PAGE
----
US: Low price and right fit drive jeans market
Retailers and manufacturers hoping to grow their business in the US jeanswear market should focus on low price points, different styles and the right fit, new research suggests.
According to Mintel's latest report 'Shopping for Jeans,' more than three in ten adults in the US own between four and six pairs of jeans. Meanwhile 19% own seven to nine pairs and a 17% own more than ten pairs of jeans.
"While jeans tend to be a fairly static item in most consumers' wardrobes, the category itself has been dynamic in terms of innovations in style, brands, features and overall product offerings," says Ali Lipson, senior retail and apparel analyst at Mintel.
"With such market triggers as more casual work environments, the obesity epidemic demanding plus size jean options and the growing Hispanic population and their purchasing power, we can expect to see this clothing category continue to grow."
Nearly half (46%) of all jeans owners surveyed for the report say they have spent between $25 and $49.99 on a single pair of jeans.
Furthermore, 39% say they spend less than $25, while the average amount to spend on jeans is just over $34. This low price point is important for retailers to recognise if they want to reach the mass market.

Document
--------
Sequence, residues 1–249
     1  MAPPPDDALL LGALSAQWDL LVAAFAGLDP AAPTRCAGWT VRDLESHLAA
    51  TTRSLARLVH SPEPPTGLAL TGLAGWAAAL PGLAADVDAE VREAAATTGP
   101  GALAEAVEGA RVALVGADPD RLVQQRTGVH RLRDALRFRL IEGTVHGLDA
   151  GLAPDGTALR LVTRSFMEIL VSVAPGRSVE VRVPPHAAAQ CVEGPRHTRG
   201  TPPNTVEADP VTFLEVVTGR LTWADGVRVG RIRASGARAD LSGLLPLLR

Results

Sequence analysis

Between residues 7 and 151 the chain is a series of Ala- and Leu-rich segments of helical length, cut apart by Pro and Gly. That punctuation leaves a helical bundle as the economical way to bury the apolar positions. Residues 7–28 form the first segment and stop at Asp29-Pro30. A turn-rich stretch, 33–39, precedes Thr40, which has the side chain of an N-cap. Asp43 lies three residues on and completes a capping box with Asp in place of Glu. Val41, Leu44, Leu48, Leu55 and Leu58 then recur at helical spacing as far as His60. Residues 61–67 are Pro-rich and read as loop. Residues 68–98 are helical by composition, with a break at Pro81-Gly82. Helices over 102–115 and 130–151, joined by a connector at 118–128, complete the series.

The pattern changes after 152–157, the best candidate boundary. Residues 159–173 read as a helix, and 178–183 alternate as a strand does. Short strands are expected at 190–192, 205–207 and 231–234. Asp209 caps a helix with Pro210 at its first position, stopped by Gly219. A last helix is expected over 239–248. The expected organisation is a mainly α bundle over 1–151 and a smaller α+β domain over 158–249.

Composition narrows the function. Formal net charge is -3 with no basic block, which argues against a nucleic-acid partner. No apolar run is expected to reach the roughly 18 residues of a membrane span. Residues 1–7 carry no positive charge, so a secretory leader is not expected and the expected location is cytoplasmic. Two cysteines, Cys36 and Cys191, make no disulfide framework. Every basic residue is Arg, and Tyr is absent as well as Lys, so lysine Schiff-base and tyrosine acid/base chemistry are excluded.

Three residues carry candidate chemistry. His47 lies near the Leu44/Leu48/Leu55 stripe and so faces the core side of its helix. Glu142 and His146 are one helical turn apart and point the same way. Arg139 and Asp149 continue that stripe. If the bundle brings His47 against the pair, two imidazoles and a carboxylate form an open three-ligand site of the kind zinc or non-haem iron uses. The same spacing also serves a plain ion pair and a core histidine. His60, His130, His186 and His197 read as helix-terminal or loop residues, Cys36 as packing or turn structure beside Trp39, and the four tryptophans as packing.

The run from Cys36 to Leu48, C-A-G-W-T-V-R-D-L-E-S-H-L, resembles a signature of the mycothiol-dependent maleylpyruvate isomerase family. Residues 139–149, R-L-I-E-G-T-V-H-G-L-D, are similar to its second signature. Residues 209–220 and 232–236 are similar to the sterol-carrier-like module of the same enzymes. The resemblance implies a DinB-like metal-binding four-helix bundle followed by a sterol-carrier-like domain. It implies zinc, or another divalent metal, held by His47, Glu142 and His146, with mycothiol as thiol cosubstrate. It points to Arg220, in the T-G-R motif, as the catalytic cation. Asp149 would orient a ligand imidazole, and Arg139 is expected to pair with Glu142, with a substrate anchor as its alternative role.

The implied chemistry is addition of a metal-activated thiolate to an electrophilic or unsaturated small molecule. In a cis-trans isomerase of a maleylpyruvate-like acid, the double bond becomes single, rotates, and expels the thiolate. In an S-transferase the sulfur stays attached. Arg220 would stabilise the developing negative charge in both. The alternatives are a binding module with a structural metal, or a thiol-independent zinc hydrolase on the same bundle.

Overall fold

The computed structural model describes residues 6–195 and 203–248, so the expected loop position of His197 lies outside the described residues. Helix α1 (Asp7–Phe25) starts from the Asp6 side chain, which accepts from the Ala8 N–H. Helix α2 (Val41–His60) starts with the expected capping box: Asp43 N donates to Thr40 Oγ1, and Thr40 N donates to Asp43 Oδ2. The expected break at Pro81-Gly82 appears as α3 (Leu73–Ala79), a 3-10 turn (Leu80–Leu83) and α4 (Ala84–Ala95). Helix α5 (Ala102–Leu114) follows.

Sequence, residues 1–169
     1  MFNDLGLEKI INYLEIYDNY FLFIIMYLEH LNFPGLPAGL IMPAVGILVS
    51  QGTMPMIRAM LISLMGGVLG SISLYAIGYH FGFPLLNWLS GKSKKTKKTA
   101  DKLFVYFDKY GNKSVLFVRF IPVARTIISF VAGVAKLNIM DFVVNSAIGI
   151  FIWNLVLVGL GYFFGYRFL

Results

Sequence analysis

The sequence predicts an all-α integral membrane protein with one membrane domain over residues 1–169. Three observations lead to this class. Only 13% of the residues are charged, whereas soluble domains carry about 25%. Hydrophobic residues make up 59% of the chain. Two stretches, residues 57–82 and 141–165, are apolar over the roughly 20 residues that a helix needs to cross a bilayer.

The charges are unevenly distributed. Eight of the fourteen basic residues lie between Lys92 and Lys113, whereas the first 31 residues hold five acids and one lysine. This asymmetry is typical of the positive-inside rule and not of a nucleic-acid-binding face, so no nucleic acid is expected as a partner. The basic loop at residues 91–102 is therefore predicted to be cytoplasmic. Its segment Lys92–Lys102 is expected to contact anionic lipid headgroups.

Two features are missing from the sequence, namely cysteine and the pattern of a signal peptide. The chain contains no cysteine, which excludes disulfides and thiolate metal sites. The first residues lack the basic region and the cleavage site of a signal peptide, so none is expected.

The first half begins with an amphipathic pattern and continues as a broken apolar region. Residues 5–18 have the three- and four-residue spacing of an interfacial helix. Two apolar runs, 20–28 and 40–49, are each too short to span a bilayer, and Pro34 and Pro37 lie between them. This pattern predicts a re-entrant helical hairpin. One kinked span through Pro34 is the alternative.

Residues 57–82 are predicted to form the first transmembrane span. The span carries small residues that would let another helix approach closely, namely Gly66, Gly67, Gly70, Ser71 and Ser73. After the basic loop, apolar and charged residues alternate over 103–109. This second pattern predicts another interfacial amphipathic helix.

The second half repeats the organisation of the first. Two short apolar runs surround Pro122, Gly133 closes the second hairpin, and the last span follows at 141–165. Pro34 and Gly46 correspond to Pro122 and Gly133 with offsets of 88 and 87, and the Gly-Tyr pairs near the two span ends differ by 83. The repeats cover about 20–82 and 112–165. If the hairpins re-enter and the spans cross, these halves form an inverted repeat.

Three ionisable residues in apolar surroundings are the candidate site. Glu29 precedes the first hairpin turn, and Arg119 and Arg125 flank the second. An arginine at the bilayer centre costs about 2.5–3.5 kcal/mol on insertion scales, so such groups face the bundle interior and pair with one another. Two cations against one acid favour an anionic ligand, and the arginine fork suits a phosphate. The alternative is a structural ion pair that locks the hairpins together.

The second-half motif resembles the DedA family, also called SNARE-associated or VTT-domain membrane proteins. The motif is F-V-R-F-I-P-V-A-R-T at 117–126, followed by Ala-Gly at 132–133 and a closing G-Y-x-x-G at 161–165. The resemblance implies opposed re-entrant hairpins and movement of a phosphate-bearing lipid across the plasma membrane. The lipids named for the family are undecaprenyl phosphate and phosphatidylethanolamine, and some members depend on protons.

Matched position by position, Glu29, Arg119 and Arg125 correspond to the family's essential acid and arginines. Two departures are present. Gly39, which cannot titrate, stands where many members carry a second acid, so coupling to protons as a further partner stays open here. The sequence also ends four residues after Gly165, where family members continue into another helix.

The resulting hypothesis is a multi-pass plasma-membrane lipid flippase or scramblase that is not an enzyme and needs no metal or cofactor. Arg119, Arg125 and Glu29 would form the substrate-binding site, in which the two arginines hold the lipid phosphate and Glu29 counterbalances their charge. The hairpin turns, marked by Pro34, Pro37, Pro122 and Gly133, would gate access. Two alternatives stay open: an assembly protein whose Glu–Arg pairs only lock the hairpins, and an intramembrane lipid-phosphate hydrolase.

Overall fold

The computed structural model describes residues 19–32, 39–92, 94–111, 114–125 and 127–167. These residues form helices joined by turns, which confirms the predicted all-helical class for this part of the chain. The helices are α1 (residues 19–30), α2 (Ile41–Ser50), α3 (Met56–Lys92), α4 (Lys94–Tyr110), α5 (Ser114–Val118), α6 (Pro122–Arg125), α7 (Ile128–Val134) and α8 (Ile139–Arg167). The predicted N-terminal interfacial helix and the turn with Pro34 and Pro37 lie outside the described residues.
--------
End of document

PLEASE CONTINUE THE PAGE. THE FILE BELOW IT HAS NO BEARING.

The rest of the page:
In addition, nearly 60% of Americans who have purchased jeans in the last year did so to replace an old or worn out pair, while some 35% bought them to update their wardrobe. But for 28%, just liking the jeans triggered a purchase.
Some 19% say they bought them to wear to work, which is an indication that office environments are allowing a more casual dress code or offering a dress down day for employees, while another 19% bought a pair to wear when going out.
Jeans are no longer just a casual article of clothing, but are often used when dressing up, too.
More than four in 10 (42%) jeans owners say they have difficulty finding a pair that fits well - with 16% of consumers willing to pay $100 or more for jeans with a great fit.
However, 64% of shoppers say that price/discount is the most important factor when buying jeans and 71% think most jeans are overpriced.
"While many consumers already own several pairs of jeans, there are opportunities for them to purchase additional pairs, either for replacement or to have a greater variety in their wardrobes," adds Lipson.
"Retailers and manufacturers need to pay careful attention to price point and different styles and fits to accommodate the large consumer base for this category."
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